In the last few days, a lot has happened. We lost all our power for three days. We lost all of our food. We lost the ability to use our water without boiling it for fear of contamination. We lost our reprieves in the shower, in the kitchen, in the living room. We lost a battle with our daughter who screamed bloody murder, in the dark, unable to see her well enough to determine cause. We lost our patience. We lost our pride. Lost.
We talked with and prayed for friends who lost their homes. Lost the streets they have lived on for years to the surging water. Children who lost their clothes right before the first day of school. Lost their favorite books, toys, electronics. Lost.
We grieved with our own family who lost a loved one. Lost.
We lost opportunities. Lost access to transportation. Lost faith in the strength of one of the pillars we have built our little life around.
And we started reading again. For fun. For purpose. For interest. For growth. We lit candles and reminisced about the scent- “Doesn’t this one smell like our old apartment? Doesn’t it remind you of the time when…” We ate together. All the ice cream first. For lunch. We drank all the wine I had been saving for a special occasional yet to be determined. And it was good. We went to bed at 9 because it was too dark to do anything else. We were flooded with offers of meals, of water, of housing. We actually hung out with our neighbors-not just a hello in passing on the way to taking out the garbage-and found them to be extraordinarily kind, giving people. All of them. On the entire block.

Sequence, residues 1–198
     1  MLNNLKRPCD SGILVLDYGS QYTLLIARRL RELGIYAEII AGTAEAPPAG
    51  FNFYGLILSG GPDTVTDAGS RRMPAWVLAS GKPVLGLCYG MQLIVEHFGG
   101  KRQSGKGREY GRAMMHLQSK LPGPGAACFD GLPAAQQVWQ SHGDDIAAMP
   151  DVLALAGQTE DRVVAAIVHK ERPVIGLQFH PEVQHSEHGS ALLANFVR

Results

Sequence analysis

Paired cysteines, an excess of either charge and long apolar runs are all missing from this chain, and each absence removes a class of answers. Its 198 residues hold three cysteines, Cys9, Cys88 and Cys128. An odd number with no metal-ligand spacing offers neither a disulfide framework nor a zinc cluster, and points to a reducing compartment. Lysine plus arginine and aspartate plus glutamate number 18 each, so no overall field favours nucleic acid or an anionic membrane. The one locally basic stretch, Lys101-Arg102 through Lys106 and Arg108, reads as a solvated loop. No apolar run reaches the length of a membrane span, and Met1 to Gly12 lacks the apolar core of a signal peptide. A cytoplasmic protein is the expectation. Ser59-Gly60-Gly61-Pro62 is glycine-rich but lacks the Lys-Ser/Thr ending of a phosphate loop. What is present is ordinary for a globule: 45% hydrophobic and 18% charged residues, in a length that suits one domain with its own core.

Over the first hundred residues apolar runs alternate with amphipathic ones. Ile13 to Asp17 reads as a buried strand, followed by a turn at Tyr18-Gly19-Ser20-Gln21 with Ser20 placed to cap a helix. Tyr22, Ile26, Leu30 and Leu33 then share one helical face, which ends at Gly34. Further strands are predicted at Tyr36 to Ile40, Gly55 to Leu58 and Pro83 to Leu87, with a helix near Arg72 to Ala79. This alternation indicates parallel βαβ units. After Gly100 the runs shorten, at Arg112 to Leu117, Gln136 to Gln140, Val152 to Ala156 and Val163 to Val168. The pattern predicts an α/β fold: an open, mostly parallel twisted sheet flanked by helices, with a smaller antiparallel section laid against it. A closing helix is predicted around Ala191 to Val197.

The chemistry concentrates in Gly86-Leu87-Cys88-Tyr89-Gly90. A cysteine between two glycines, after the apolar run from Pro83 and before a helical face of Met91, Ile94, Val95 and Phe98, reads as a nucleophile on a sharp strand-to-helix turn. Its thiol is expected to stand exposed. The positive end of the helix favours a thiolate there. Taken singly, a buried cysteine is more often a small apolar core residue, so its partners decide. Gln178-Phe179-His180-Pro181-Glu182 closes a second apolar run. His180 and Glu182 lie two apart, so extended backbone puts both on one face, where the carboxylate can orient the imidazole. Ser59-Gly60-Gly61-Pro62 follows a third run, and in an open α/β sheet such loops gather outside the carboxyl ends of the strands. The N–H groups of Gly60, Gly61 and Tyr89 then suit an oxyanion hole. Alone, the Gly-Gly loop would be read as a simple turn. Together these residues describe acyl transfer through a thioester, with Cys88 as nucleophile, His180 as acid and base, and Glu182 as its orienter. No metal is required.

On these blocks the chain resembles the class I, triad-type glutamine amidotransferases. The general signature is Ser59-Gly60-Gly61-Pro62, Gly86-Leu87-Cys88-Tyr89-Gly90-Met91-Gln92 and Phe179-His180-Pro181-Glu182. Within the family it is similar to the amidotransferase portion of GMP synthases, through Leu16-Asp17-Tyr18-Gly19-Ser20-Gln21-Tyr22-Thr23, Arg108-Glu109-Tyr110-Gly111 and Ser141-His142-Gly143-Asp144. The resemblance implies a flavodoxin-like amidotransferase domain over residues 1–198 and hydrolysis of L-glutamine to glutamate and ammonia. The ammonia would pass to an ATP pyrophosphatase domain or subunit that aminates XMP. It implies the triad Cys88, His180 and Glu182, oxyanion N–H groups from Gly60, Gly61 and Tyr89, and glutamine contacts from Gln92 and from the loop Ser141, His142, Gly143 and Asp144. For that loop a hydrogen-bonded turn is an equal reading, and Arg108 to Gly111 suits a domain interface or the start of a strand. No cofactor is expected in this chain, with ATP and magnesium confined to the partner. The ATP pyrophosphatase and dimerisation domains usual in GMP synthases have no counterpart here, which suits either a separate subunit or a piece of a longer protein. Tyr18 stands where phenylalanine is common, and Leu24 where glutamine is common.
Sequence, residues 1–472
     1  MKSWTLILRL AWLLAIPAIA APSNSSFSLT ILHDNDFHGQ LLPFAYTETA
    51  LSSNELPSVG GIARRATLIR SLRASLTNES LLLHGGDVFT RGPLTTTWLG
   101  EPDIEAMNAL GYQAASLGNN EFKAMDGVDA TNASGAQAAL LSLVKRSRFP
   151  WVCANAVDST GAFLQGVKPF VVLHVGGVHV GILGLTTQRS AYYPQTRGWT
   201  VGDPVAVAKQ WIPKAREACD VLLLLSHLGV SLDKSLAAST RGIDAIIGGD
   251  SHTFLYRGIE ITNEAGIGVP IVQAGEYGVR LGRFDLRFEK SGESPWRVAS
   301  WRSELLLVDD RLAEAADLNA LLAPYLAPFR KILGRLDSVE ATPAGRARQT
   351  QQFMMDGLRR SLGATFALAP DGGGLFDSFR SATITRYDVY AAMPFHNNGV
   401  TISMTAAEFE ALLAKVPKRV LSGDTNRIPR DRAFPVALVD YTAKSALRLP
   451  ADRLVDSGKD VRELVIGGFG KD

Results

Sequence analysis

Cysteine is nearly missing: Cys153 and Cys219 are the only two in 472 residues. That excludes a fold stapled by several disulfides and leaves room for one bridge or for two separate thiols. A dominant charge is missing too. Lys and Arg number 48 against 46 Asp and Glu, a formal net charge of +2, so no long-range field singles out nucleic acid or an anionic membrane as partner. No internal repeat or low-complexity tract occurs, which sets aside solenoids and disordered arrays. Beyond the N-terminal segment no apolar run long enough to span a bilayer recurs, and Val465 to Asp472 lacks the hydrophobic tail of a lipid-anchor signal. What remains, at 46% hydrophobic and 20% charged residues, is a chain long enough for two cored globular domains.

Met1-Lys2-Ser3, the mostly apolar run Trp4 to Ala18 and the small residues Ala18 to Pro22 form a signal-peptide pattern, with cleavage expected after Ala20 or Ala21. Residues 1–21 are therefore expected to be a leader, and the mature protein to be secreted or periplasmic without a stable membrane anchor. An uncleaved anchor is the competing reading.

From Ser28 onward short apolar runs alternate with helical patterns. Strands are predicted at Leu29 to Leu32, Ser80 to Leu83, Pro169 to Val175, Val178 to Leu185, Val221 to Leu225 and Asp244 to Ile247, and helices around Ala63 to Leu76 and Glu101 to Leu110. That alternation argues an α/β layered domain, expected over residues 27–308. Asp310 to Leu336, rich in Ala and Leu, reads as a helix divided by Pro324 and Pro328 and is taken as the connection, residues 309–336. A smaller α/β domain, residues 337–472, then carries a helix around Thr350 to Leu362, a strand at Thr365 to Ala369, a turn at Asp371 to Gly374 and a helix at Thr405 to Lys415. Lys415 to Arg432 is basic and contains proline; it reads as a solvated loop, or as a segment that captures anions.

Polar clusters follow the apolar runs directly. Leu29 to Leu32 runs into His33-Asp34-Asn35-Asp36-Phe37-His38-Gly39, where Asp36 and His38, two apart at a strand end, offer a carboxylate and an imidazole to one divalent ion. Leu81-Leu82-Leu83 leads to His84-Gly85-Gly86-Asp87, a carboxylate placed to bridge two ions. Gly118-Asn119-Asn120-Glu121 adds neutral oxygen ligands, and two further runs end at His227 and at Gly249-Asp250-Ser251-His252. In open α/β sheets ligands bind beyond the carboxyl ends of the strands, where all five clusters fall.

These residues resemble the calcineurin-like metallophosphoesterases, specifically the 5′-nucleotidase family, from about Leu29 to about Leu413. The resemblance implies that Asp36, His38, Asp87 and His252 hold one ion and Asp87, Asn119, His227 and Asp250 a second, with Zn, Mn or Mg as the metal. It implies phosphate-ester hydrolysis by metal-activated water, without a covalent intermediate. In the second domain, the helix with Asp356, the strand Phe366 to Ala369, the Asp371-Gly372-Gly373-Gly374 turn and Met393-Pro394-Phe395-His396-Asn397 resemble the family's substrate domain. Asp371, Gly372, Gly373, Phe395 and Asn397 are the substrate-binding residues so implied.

I learned how loud my own thoughts were when there was nothing to distract or silence them and realized that I worry much more than I even thought I did and had been drowning them out with music. With television. With this blog. So I didn’t have to address the ache in my jaw from clenching, the tension headaches at 4 o’clock. The bottle of advil that replaced my lipgloss in my purse. The overwhelming dread that consumes me every time my baby cries for fear that something horrific has happened that I was unable to prevent. And I was able, then, to vocalize my irrational concerns to God and to my husband and take steps outside of my anxiety to see the bigger picture.
We gained new opportunities and perspectives to replace the old ones. New things to consider. To pray about. Big things. Small things.
We watched Ellie grow in inches, in smiles, in brown rice cereal. In hating bananas and long sleeves.
In the last few days we’ve lived more life, more honestly. More humbly. More messy- though it pains me to write this in incorrect grammar. More raw, more true, more purposeful. And much, much more grateful than ever before.